|Date: Sunday 4 October Time: 07:15 BST (elite women), 10:15 BST (elite men), 13:12 BST Venue: St James’s Park, London|
|Coverage: Live video and text coverage on BBC One, BBC Two and online from 07:00 BST|
Kenya’s four-time winner and world record holder Eliud Kipchoge says this year’s unique edition of the London Marathon “can bring hope to the world”.
The race will be run over 19 laps of a closed course, screened from public view, as part of Covid-19 measures.
The mass participation element of the race will be run ‘virtually’ with only the elite fields gathering in London.
“We can bring hope to the world that we can train behind the scenes and come back in a strong way,” said Kipchoge.
Asked about his chances of retaining his title, Kipchoge replied: “Absolutely I am confident. I am ready and fit to run.”
Kipchoge admitted that that the absence of a crowd, which usually numbers tens of thousands, would make a “huge, huge difference” to the event.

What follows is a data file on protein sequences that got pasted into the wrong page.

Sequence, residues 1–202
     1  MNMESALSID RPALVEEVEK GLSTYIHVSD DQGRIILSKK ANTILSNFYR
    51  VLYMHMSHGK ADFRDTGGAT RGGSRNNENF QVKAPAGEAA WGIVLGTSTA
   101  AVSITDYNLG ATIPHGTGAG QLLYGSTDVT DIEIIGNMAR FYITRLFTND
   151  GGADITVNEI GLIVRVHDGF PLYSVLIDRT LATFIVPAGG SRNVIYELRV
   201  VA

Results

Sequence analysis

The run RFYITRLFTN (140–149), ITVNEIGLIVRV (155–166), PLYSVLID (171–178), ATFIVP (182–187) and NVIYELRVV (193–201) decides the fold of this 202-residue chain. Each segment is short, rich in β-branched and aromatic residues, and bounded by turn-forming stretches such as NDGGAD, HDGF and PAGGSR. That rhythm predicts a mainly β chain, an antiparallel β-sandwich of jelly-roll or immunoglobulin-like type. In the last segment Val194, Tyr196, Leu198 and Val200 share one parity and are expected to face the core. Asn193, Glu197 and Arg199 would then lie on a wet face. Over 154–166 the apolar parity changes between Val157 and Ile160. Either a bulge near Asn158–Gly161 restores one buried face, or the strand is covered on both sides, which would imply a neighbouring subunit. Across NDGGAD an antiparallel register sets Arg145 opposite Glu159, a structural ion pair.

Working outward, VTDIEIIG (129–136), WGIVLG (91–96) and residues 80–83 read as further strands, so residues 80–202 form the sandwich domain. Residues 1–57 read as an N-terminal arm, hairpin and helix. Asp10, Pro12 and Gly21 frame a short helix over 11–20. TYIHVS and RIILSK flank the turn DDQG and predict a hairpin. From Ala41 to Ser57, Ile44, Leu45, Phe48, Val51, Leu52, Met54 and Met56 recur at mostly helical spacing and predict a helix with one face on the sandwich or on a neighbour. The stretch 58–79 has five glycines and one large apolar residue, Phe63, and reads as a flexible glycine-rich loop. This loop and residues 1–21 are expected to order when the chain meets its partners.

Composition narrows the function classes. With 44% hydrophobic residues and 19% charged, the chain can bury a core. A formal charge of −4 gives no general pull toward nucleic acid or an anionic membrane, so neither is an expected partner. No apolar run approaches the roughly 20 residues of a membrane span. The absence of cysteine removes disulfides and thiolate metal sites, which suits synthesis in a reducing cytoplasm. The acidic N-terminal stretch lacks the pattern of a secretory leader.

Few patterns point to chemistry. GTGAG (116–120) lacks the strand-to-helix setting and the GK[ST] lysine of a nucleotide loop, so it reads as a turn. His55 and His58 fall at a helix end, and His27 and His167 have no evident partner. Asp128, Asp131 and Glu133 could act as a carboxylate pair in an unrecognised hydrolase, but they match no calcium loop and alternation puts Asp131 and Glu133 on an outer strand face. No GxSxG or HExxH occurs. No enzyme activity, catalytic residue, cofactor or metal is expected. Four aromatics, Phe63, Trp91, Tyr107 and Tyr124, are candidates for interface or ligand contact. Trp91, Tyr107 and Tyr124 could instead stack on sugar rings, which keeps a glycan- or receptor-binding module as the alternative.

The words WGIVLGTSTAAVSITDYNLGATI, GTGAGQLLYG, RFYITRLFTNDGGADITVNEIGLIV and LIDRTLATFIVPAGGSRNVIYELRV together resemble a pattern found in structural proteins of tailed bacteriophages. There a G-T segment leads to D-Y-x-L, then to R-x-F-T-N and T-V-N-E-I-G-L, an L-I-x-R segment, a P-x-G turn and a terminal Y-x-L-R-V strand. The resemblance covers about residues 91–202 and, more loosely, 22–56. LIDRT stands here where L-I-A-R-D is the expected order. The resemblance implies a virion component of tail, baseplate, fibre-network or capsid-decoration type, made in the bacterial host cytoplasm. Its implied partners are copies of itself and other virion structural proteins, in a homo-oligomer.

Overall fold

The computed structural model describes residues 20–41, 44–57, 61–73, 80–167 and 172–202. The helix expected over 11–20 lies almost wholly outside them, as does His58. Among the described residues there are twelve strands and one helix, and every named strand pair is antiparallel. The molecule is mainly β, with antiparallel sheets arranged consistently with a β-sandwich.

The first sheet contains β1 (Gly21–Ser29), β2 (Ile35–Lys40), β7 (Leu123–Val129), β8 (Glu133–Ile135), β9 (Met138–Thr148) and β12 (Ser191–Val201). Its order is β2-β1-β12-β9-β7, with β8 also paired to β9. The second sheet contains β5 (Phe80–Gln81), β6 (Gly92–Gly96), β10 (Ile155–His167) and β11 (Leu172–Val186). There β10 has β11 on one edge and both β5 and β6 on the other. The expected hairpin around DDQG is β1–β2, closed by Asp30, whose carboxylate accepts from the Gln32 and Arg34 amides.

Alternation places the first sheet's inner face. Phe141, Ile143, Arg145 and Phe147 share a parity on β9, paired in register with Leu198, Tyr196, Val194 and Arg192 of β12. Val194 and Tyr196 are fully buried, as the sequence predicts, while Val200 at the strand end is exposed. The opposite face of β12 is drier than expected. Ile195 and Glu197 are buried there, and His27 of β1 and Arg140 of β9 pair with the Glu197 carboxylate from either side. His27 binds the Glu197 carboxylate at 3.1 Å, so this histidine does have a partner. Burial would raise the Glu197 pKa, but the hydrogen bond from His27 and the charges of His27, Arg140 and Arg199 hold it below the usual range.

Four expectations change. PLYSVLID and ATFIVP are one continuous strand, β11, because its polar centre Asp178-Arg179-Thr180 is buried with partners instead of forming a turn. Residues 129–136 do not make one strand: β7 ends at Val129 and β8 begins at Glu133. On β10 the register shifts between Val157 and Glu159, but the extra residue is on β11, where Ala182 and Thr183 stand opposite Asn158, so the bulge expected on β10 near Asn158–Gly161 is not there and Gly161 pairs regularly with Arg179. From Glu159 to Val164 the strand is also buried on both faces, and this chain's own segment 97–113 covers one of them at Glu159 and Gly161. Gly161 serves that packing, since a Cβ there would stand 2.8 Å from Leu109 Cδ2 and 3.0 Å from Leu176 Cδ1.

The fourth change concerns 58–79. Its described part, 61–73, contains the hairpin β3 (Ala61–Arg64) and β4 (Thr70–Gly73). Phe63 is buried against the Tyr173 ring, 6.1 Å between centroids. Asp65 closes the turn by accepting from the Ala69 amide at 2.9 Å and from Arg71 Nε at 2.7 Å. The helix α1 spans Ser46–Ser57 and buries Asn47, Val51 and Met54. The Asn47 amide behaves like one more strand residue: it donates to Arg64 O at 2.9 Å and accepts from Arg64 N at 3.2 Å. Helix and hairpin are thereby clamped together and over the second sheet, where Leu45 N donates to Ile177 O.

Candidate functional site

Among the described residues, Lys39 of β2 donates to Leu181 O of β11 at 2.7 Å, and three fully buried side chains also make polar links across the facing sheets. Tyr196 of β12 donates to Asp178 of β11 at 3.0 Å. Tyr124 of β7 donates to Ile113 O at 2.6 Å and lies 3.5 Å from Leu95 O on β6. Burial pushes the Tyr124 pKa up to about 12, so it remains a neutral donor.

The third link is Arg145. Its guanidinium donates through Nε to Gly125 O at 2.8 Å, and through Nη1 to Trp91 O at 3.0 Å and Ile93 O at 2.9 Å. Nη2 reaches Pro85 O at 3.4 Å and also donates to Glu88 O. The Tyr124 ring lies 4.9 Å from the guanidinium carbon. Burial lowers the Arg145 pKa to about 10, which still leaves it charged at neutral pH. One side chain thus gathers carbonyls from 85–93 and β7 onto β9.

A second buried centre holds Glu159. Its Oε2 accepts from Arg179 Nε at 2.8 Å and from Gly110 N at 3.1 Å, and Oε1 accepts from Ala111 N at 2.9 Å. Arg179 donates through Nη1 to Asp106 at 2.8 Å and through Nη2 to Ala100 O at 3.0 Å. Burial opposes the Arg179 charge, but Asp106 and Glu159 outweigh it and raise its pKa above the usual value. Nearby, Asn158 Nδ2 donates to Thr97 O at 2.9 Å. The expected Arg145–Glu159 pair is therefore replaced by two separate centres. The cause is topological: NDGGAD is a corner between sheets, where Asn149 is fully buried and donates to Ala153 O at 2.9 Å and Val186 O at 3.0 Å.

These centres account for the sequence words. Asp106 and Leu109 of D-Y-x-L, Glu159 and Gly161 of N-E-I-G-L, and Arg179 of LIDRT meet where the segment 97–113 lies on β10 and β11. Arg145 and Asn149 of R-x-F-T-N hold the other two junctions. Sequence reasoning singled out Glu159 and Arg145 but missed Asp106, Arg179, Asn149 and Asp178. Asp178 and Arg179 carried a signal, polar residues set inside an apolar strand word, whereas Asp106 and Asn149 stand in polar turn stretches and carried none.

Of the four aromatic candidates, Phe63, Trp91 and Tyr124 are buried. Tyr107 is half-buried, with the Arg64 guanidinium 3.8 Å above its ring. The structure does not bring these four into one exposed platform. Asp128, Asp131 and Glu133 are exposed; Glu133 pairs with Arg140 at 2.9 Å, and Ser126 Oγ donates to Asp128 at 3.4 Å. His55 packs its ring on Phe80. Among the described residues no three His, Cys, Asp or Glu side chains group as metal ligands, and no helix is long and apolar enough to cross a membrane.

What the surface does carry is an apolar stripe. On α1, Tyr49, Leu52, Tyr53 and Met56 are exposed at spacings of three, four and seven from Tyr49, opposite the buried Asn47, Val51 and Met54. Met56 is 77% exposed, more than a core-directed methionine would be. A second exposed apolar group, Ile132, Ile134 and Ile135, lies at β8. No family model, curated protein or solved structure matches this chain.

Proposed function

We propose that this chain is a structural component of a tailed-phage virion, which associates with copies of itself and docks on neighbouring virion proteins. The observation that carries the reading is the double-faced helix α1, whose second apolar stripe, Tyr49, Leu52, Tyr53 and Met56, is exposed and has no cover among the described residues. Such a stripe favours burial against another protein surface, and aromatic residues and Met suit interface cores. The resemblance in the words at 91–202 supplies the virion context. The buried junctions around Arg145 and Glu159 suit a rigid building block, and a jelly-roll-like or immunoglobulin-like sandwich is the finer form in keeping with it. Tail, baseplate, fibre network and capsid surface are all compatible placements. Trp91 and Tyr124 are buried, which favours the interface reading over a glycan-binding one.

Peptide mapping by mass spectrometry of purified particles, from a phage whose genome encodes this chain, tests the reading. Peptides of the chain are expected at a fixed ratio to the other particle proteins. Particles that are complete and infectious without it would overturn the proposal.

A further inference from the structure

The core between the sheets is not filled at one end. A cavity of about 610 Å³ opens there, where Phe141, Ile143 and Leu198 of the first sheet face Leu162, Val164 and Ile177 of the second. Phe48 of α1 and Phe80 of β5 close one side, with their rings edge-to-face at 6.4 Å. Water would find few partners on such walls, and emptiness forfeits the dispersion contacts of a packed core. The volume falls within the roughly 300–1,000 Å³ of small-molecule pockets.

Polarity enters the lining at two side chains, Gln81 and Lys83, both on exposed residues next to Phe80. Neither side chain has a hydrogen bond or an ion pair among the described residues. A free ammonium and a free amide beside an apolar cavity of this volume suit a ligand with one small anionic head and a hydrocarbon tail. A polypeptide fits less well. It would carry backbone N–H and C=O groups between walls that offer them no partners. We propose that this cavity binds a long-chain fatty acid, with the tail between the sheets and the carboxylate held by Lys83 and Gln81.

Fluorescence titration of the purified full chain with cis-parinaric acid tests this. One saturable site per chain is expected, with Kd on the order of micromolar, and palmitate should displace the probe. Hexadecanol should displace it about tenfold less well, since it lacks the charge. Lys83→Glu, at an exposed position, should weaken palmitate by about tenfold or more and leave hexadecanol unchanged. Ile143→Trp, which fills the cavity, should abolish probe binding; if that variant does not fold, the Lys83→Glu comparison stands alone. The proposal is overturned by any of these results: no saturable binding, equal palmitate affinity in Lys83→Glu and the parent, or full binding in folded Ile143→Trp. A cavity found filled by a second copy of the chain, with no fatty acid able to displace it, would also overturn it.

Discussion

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The 35-year-old will be taking on Ethiopia’s Kenenisa Bekele, who was just two seconds off his rival’s world record in Berlin last year, in a keenly anticipated duel.
The pair have been backed by event director Hugh Brasher to bring the best out of each other despite the forecast wet weather.
“Whatever the conditions, we believe there will be some incredible racing that will live long in people’s memories,” said Brasher. “It could be incredibly quick.”
Mo Farah, four-time Olympic champion, will be one the pacemakers in the race, although focused on helping a mainly British group achieve the Olympic qualifying time of two hours 11 minutes 30 seconds.
Kipchoge’s world record stands at 2:01:39.
His landmark sub-two hour marathon in Austria last year is not classified as a record because of the nature of the pace-making help and other assistance he received in the time-trial event.
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